hunting the box tree moth

I’m in hunting/stealth mode  following the article I posted about our very hungry caterpillars.  Here is the catch (just half an hour of patient searching): caterpillars and some in their pupa stage.

hungry caterpillars

I’ve been reading up some more, and here is a translation of what I found on the French wiki site (for some reason these details are lacking in the English version) on the life-cycle.  Never know, one of my readers may have the same problem, so I thought I’d share.

Adults are nocturnal (moth). In Western Europe this species produces two to three generations each year.

– The young larva survive the winter months in silk cocoons which they weave by pulling two leaves together to form a sort of pouch, on the infested bush.
– The first generation of moths takes flight in June.
– Eggs are laid in groups on the under-side of leaves.
– Eggs become caterpillars.
– Caterpillars,, when fully grown, measure 35 – 40mm in length.  They then transform into pupa. 
– The pupa phase lasts approximately one month (hanging by the tail in a cocoon spun between two leaves)
– Then it becomes a moth.
– The last generation of the year (as caterpillars) then makes cocoons between 2 leaves to pass the winter.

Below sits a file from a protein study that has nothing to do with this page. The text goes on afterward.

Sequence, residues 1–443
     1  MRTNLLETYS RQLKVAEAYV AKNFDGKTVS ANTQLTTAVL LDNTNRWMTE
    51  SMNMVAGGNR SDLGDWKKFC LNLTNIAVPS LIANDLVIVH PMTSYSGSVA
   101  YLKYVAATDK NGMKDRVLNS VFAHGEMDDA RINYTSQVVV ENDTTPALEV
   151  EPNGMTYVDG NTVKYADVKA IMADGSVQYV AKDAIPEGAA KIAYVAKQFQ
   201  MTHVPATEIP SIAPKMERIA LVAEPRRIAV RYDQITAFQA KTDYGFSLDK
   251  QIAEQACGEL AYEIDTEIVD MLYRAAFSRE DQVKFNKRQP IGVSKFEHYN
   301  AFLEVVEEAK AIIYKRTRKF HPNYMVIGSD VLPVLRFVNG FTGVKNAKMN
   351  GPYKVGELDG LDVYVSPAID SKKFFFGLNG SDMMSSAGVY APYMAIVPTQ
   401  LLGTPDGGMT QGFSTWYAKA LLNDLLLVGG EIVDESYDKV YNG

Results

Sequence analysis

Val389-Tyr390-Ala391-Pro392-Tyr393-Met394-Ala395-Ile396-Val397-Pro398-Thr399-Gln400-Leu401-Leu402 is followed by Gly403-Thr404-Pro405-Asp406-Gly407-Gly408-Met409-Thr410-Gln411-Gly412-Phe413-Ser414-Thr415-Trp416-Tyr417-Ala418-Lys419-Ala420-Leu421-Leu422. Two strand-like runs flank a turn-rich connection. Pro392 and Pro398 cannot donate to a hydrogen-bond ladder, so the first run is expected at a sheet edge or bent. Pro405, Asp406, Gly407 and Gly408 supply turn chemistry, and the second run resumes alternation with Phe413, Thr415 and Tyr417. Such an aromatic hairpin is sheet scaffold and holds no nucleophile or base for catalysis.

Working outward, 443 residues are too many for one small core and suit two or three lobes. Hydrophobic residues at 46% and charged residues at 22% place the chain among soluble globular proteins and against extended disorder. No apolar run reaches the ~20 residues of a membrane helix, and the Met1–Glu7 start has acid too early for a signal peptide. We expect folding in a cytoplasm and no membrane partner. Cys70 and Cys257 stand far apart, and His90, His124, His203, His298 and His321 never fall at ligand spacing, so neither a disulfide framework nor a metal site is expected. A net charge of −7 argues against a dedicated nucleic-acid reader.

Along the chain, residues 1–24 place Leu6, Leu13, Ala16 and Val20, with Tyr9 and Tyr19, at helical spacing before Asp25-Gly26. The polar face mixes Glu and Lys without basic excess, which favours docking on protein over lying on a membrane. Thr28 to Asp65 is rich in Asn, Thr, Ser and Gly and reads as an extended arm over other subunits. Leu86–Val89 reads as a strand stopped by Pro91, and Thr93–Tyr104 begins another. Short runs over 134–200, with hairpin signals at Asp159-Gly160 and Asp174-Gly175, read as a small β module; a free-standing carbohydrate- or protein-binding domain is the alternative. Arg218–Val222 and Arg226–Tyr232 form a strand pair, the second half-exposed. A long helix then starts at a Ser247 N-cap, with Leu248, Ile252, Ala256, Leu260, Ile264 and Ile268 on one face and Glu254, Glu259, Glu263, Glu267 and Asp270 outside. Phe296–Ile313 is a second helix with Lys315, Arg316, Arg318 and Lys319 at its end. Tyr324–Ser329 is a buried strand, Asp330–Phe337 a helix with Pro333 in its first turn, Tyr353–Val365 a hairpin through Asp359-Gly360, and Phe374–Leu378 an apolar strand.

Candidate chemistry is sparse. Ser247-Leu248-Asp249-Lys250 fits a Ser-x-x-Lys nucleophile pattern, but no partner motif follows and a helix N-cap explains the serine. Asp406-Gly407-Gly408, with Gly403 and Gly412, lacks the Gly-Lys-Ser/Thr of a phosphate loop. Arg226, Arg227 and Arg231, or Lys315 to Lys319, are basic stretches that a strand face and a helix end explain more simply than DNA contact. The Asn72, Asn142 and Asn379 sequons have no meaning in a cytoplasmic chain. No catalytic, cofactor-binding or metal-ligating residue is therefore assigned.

They leave their cocoons from March and start feeling on the leaves.

This explains why I’m finding 2 stages of development (caterpillars and the beginnings of pupa.  I can’t go hunting for eggs because my eye-sight isn’t good enough but I sure can destroy as many of these things as I can find and stop the next generation from being able to transform.  I hope that by acting now (and in the coming weeks) I will be able to limit the number of moths (therefore future eggs).  If necessary, we will prune the second bush right down to a stump (and burn) before next Spring.  

What I found interesting is . . . this insect lives exclusively on the boxwood bush/tree.  “Hunting” for them is rather like cross stitch lol.  You know, when you’re checking over your stitching, to make sure you haven’t made a mistake?  My eye is becoming fully-trained to spot the slightest sign of silk, any leaf that is turned the wrong way, any 2 leaves that look stuck together  Rire because there’s always a caterpillar hiding.

There might not be any natural predators in France for this ravenous caterpillar that has come from Eastern Asia . . . but they’re going to have to deal with me!  One of my French readers has suggested I use “black soap” in a diluted spray or a rhubarb leaf cocktail . . . So will add that to my arsenal too. 



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